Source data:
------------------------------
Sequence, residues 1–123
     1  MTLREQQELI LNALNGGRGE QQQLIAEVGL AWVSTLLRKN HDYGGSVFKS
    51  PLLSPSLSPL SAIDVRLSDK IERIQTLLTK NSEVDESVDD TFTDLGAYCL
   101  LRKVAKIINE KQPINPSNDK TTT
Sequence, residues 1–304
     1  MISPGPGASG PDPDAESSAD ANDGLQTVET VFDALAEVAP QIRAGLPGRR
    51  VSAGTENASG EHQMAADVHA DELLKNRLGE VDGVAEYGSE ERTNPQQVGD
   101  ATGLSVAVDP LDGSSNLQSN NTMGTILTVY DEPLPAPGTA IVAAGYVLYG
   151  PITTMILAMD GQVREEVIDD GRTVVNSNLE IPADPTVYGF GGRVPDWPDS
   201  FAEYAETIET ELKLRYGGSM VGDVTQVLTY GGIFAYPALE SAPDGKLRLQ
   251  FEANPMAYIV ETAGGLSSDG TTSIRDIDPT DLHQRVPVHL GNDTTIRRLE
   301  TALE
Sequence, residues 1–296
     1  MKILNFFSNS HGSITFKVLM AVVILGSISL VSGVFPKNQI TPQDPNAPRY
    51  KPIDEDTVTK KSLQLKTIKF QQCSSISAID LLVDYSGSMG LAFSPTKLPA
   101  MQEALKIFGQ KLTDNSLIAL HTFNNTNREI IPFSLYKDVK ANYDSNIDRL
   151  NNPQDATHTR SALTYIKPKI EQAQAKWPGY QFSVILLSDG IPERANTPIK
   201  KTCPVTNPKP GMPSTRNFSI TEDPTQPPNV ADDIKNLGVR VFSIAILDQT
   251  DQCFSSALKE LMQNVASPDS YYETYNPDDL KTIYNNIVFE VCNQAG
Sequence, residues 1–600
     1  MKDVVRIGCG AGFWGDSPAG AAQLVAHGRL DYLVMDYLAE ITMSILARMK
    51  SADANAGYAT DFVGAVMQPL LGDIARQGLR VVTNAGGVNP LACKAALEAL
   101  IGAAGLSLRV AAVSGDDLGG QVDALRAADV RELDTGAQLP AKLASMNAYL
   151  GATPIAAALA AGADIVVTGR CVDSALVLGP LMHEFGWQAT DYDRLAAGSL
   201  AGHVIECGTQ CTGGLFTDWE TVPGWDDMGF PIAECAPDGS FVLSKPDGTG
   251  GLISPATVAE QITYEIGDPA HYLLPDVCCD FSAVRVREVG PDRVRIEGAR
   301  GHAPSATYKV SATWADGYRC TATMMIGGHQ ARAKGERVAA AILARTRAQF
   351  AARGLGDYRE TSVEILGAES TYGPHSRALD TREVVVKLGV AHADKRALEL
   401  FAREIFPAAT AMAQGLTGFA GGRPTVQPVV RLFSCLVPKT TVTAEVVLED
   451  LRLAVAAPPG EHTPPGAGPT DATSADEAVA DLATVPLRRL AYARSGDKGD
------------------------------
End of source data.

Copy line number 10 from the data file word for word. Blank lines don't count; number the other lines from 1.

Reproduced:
   201  FAEYAETIET ELKLRYGGSM VGDVTQVLTY GGIFAYPALE SAPDGKLRLQ